Three points: McCain's 2-point shooting, minimizing turnovers key for Duke men's basketball against Notre Dame

Freshman guard Jared McCain shoots a three in Duke's loss to North Carolina Feb. 3.
Freshman guard Jared McCain shoots a three in Duke's loss to North Carolina Feb. 3.

After a disheartening loss to its Tobacco Road rivals Saturday, the Blue Devils return home to take on Notre Dame Wednesday evening. Before tipoff, the Blue Zone breaks down three keys to a Duke victory:

McCain at the rim

Freshman guard Jared McCain entered the season marketed as a pure shooter. His range beyond the arc is what earned him a win in the McDonald's All-American Games’ 3-point contest along with lottery projections. 

While the deep ball is certainly still the cornerstone of the Sacramento, Calif., native’s offensive skill set, a stretch of weaker shooting has demonstrated McCain’s incredible craftiness at the rim. In his past five games, McCain is shooting the three-ball at a 34.4% clip — certainly not bad, but perhaps slightly lackluster for the near 40% average he has on the season. During this stretch however, the 6-foot-3 guard has converted on an impressive 61.3% of his 2-point attempts. McCain utilizes excellent body control to consistently establish positioning on the interior and fight his way to layups over much larger defenders. 

Looking back at Duke’s last faceoff against Notre Dame — about a month prior to its Wednesday contest — scoring was headlined by sophomore forward Mark Mitchell’s 23 points and senior guard Jeremy Roach’s 18. These points came on a combined three makes at the perimeter. Seeing the Fighting Irish’s vulnerability at the rim, the Blue Devils would benefit from leaning into McCain’s continually developing ability to drive into high-percentage attempts.

Protecting the rock

On average, Duke’s ball security has been elite on a national level. It ranks 14th among Division I schools in fewest turnovers per game and 13th in assist-to-turnover ratio. That is not to say the team has not faltered in this department. The Blue Devils’ January road trip to South Bend, Ind., saw them concede 11 turnovers. They were lucky enough to see Notre Dame largely fail to convert in transition, only finding five points off turnovers. In Duke’s recent rivalry loss, however, the impact of poor ball security was far more potent.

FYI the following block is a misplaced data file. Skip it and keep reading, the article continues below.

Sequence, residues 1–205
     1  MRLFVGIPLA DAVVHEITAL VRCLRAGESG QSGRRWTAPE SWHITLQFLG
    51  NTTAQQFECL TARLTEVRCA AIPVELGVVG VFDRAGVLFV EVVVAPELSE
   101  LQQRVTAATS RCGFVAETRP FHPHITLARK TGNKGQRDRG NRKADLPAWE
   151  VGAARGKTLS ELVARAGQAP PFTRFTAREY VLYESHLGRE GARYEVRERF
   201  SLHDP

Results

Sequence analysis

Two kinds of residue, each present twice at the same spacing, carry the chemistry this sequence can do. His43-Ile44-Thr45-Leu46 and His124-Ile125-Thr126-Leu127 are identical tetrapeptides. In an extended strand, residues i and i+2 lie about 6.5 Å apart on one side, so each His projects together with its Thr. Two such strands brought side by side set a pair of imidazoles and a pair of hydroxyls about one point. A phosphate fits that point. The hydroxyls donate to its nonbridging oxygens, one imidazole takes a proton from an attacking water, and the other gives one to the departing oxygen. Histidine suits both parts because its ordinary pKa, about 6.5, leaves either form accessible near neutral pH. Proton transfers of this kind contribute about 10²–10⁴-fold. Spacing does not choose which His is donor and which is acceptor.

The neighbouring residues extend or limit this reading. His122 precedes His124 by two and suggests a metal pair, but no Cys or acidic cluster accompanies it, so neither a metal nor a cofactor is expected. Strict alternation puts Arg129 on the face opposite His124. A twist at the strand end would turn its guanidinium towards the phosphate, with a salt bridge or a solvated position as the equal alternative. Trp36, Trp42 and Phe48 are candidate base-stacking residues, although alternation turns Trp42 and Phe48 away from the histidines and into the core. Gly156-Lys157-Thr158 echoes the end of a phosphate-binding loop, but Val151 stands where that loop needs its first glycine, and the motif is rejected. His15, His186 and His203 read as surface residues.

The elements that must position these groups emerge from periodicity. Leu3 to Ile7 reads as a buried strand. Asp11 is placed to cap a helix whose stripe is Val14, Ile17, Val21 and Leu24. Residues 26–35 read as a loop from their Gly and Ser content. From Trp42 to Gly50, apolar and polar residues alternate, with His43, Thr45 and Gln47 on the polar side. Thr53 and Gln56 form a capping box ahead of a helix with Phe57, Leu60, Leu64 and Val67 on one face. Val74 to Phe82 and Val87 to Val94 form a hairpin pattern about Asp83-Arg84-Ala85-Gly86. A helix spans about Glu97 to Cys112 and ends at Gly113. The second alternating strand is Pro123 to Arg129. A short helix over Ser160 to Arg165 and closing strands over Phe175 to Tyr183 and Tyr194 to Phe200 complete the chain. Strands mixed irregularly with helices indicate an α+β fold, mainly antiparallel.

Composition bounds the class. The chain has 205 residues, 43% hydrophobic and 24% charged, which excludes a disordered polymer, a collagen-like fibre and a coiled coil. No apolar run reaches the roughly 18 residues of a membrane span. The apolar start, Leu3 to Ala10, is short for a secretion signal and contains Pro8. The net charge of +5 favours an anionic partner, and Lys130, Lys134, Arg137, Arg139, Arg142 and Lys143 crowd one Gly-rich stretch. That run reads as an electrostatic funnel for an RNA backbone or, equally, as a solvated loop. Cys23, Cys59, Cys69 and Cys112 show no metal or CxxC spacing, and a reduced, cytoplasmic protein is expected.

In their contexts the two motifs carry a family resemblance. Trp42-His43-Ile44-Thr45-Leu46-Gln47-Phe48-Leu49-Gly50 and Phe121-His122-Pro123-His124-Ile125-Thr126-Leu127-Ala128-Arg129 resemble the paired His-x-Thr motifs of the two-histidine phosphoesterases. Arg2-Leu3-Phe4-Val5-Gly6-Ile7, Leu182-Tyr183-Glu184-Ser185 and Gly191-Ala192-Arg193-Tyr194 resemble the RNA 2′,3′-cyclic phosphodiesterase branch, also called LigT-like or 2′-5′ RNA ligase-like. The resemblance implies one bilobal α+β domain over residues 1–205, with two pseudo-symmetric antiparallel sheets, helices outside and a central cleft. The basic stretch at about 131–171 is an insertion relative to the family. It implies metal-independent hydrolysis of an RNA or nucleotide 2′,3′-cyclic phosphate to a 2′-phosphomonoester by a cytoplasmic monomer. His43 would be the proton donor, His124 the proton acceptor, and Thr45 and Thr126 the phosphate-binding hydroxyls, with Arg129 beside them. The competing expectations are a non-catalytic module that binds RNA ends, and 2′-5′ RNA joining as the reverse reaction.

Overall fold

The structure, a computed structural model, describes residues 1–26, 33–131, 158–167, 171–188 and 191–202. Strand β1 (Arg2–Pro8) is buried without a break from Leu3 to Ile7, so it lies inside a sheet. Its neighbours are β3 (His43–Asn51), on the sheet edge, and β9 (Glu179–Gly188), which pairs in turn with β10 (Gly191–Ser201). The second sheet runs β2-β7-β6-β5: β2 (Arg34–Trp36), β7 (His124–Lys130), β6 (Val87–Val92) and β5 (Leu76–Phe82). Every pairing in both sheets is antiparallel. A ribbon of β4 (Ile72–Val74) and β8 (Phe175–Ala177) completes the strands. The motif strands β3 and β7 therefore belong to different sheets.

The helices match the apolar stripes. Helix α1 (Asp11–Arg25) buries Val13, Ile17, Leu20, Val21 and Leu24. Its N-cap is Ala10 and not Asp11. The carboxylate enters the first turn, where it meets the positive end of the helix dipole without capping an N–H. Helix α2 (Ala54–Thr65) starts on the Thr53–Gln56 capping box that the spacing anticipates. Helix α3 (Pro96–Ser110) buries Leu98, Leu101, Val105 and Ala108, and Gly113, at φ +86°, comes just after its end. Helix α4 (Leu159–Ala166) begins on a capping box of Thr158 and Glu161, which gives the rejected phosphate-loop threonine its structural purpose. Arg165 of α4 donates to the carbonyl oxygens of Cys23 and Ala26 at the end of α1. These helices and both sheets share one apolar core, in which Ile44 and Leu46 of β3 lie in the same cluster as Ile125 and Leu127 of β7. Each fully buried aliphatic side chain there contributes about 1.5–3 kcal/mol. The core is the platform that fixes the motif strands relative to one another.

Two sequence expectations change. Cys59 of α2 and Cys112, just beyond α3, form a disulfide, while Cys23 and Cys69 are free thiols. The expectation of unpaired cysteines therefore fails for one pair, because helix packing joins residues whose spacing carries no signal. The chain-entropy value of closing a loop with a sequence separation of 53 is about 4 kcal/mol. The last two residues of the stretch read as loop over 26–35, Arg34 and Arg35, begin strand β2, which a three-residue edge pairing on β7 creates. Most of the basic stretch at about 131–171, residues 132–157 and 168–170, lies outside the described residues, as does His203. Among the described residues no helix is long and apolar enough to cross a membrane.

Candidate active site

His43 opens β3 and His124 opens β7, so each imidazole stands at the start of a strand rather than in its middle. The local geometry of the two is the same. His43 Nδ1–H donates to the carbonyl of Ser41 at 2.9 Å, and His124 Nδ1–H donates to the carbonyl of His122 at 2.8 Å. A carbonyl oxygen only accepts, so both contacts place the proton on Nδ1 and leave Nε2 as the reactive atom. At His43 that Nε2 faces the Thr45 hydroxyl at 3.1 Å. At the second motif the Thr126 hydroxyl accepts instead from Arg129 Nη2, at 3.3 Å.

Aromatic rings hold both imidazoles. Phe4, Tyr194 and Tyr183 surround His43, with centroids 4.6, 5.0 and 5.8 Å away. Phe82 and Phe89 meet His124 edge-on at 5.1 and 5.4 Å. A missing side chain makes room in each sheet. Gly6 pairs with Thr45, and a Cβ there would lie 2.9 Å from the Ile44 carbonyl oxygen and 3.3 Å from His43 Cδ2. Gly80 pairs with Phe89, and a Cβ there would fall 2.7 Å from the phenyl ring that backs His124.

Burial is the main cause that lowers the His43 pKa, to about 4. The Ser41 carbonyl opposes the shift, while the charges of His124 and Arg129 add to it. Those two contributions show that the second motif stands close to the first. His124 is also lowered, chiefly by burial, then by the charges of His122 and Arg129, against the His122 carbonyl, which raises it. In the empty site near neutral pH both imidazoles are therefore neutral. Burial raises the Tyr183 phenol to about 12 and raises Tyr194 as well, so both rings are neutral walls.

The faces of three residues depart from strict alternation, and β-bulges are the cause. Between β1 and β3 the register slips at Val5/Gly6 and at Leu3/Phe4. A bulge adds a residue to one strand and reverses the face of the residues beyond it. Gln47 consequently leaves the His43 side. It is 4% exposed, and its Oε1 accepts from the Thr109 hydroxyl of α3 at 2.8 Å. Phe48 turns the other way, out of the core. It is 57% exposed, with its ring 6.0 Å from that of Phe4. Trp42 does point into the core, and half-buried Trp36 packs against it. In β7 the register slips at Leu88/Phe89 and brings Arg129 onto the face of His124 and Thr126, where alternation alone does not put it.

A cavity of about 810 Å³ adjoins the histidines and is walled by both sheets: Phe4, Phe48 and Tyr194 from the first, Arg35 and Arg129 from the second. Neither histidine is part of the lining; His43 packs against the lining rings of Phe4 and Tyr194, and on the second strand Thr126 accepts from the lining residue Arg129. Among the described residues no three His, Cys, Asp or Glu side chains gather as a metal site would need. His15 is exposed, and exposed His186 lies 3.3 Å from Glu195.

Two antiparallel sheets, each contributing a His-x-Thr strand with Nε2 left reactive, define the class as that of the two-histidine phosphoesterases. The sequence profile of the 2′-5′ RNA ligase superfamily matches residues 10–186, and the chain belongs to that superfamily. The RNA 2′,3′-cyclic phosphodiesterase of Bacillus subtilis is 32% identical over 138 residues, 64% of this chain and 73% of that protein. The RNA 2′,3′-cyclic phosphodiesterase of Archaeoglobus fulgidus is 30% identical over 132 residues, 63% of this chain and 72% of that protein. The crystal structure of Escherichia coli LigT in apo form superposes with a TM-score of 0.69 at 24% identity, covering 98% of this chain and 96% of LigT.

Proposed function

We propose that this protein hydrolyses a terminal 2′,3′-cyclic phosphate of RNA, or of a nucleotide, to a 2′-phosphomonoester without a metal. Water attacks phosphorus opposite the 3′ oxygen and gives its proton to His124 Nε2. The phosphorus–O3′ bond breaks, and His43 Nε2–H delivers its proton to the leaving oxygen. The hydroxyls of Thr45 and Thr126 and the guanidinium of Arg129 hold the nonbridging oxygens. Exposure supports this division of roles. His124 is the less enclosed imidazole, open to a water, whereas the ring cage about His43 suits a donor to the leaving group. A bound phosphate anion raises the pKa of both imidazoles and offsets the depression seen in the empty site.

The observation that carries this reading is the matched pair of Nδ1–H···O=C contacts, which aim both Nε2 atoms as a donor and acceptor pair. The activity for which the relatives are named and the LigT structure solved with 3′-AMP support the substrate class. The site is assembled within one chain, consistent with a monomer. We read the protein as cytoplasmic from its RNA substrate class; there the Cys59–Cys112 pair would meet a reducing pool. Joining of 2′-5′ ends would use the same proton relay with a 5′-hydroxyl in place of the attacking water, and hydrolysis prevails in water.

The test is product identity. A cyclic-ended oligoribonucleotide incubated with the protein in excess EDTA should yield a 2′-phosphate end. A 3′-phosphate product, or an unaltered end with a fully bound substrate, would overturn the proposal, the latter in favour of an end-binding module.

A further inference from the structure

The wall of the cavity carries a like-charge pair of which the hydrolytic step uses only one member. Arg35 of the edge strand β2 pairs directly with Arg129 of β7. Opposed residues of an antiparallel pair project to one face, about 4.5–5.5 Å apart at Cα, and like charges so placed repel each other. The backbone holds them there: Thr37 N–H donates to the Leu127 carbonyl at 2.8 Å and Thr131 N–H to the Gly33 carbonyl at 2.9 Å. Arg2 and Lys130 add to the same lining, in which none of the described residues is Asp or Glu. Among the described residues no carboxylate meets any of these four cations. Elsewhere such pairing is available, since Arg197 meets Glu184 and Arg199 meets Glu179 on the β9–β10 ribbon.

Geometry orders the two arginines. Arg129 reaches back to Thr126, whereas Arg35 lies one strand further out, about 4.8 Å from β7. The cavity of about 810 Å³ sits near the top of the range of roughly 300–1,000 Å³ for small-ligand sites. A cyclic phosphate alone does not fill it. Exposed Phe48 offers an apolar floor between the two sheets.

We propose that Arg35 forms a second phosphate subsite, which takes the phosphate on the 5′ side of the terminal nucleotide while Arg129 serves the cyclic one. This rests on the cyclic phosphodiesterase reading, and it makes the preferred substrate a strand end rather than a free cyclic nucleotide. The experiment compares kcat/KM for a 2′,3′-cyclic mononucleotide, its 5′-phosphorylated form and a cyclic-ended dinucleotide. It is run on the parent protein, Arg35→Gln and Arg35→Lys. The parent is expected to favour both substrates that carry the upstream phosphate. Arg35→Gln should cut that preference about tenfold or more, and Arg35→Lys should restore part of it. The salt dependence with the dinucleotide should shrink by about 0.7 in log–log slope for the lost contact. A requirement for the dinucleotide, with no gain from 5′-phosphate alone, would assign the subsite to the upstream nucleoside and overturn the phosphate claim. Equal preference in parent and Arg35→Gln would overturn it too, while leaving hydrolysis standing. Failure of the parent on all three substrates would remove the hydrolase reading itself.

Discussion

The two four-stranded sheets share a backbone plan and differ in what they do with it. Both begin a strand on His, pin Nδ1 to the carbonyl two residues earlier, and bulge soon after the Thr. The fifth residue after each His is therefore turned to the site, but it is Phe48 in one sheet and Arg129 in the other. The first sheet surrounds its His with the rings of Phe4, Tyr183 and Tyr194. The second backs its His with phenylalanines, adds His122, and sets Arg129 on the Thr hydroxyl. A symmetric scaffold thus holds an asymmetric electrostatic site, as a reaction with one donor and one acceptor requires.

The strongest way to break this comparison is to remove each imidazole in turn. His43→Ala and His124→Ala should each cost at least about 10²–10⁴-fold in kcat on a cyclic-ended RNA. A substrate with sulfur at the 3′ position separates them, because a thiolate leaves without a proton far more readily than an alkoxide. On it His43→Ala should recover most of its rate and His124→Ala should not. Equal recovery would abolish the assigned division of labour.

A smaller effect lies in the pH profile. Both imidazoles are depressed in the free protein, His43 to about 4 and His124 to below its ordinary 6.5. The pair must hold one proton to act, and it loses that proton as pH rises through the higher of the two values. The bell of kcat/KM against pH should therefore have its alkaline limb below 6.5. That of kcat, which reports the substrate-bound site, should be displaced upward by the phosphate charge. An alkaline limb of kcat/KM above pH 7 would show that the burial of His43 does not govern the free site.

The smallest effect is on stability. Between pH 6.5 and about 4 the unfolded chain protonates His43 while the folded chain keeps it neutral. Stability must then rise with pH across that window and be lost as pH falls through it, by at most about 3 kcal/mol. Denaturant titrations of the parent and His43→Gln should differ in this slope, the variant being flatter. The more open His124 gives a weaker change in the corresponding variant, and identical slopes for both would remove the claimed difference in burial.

The Blue Devils also turned the ball over 11 times against North Carolina. The Tar Heels pushed effectively against Duke’s weak defensive effort in transition, resulting in 19 high-momentum points. It is hard to imagine that the Irish will not come into Cameron Indoor Stadium hunting for misreads in the passing lanes and looking to take the rock coast-to-coast. 

Maintaining intensity

After the Blue Devils fell to North Carolina in the first bout of their series this season, the headlines were obvious: the Tar Heels simply wanted it more. 

Head coach Jon Scheyer highlighted how intensity on loose balls was the point of difference. North Carolina was hungrier to get them and showed no hesitation in immediately finding openings to convert on its battles for possession. While Duke may have put more raw talent on the floor and even made more field goals, the disparity in attitude ultimately drove a nine-point loss. 

Moving into Wednesday’s matchup and the following nine-game stretch to close out the regular season, the Blue Devils will need to work toward this mental shift. Their roster still remains one of the most talented in the country. Talent, however, will only manifest into wins if it is backed by competitiveness. Notre Dame is walking into Durham looking to stop a six-game slide and earn its first ranked win of the season. If Duke fails to come out with intensity, an upset might be on the horizon. 


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